Fisher DVC6200 Digital Valve Positioner

Process Instrumentation is generally thought of as measurement device that receives a physical input and produces an electronic output.  Pressure, temperature, level and flow transmitters fall into this category.  However, there is instrumentation that does just the opposite: it receives an electronic input and produces a physical output.  A valve positioner function in this way and are equally critical to maintaining a reliable process control system.  Many of the same strategies that have been presented here can be applied to a valve positioner.  Product tiering, advanced diagnostics and best practices should be considered.

Product tiering is the application of produce with a different level of performance for different applications.  Manufacturers of control valves offer several different valve positioners specifically for this reason.  Applications that are critical in terms of quality, safety or operation should use a premium tier product.  These will have better specifications and include advanced control features.  Control applications should use a core tier product which balances performance and cost.  Finally, general applications like utility steam, can use a conventional tier product.  This strategy ensures the best product for a given application.  It also ensures the best valve positioner investment.

Advanced diagnostics are also available on a valve positioner.  Rather than providing diagnostic data about the process, it will provide diagnostics data about the valve.  The partial stroke test (PST) is a function that has gained wide acceptance.  From a reliability standpoint it ensures that the valve is functioning properly.  Hysteresis, packing friction and response time are all monitored during this process.  This data can be compared to baseline data to determine valve performance.  Rather than having to fully stroke a valve, the PST can be done online, maintaining the availability of the process.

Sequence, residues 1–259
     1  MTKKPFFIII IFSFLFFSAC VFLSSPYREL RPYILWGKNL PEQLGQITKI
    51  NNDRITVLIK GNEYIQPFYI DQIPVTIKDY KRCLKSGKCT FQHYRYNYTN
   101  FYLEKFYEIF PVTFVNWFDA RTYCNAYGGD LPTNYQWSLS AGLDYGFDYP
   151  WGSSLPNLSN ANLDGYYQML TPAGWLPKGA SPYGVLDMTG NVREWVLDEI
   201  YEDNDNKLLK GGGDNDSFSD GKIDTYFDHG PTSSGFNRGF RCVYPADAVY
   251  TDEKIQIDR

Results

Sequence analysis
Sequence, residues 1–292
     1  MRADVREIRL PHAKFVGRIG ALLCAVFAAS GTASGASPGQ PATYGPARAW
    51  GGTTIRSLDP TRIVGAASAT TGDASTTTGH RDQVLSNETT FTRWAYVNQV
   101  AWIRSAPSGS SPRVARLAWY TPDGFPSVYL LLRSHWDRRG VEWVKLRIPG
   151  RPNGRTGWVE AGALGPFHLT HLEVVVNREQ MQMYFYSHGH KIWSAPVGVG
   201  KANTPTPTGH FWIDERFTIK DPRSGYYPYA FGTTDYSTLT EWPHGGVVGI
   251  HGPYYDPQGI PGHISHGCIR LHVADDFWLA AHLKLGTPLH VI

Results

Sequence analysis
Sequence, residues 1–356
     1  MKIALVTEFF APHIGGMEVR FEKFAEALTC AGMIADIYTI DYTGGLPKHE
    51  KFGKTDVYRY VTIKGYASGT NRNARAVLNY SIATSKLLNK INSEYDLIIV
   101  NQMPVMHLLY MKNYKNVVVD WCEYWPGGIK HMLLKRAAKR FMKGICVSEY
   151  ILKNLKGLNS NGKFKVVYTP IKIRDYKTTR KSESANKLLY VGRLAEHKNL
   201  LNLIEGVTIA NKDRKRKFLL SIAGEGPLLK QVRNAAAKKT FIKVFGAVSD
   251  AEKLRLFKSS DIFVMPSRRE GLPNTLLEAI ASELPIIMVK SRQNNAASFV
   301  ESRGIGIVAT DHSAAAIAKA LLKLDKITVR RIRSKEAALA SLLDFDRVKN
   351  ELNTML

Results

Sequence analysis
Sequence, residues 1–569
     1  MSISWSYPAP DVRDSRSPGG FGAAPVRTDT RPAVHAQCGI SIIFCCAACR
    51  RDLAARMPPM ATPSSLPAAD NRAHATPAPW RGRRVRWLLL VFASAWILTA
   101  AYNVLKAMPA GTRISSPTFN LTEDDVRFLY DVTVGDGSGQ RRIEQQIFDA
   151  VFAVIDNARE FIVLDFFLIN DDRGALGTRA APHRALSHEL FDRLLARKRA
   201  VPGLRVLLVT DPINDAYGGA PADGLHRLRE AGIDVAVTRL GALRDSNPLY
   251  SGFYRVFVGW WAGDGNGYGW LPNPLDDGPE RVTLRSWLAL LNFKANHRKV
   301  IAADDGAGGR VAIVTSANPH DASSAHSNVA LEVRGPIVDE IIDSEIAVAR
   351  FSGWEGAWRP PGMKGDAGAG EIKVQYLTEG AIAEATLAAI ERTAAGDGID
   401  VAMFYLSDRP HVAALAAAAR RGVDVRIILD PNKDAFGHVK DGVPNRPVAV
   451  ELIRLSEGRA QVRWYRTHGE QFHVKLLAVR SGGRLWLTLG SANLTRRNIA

There are a number of best practices that can be associated with a valve positioner.  These will be developed fully in subsequent posts.  Included in these are the application of a single- versus double-acting valve positioner, using the positioner for valve characterization as well as operational limits and elimination of mechanical linkage for stem position feedback.  I would be remiss if I didn’t mention a valve positioner is also available as a wireless device.  In short best practices are the application of the product tiering and advanced diagnostic strategies that are critical to process reliability.

While they perform a function that is different than measurement instrumentation, the selection of a valve positioner is critical to an overall process reliability strategy.  There are many considerations that should be made including the strategies that should be presented here.  These all lead to a process that is available and profitable.  And that is most critical to the operation of a plant.

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